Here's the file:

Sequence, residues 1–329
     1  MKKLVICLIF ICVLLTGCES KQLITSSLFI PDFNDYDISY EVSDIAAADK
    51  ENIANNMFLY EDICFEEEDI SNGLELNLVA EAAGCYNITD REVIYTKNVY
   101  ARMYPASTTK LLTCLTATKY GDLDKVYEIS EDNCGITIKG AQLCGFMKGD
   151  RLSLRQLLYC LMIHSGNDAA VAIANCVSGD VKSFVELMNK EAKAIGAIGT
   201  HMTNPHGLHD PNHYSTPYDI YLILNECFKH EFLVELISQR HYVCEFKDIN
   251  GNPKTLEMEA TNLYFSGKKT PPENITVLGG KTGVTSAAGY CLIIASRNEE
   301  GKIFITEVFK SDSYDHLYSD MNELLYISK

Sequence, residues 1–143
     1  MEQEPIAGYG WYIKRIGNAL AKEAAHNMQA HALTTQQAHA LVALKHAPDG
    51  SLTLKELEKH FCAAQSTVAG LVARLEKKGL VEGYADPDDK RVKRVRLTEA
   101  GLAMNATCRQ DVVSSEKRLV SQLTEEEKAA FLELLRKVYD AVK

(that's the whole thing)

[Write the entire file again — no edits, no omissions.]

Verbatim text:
Sequence, residues 1–329
     1  MKKLVICLIF ICVLLTGCES KQLITSSLFI PDFNDYDISY EVSDIAAADK
    51  ENIANNMFLY EDICFEEEDI SNGLELNLVA EAAGCYNITD REVIYTKNVY
   101  ARMYPASTTK LLTCLTATKY GDLDKVYEIS EDNCGITIKG AQLCGFMKGD
   151  RLSLRQLLYC LMIHSGNDAA VAIANCVSGD VKSFVELMNK EAKAIGAIGT
   201  HMTNPHGLHD PNHYSTPYDI YLILNECFKH EFLVELISQR HYVCEFKDIN
   251  GNPKTLEMEA TNLYFSGKKT PPENITVLGG KTGVTSAAGY CLIIASRNEE
   301  GKIFITEVFK SDSYDHLYSD MNELLYISK

Sequence, residues 1–143
     1  MEQEPIAGYG WYIKRIGNAL AKEAAHNMQA HALTTQQAHA LVALKHAPDG
    51  SLTLKELEKH FCAAQSTVAG LVARLEKKGL VEGYADPDDK RVKRVRLTEA
   101  GLAMNATCRQ DVVSSEKRLV SQLTEEEKAA FLELLRKVYD AVK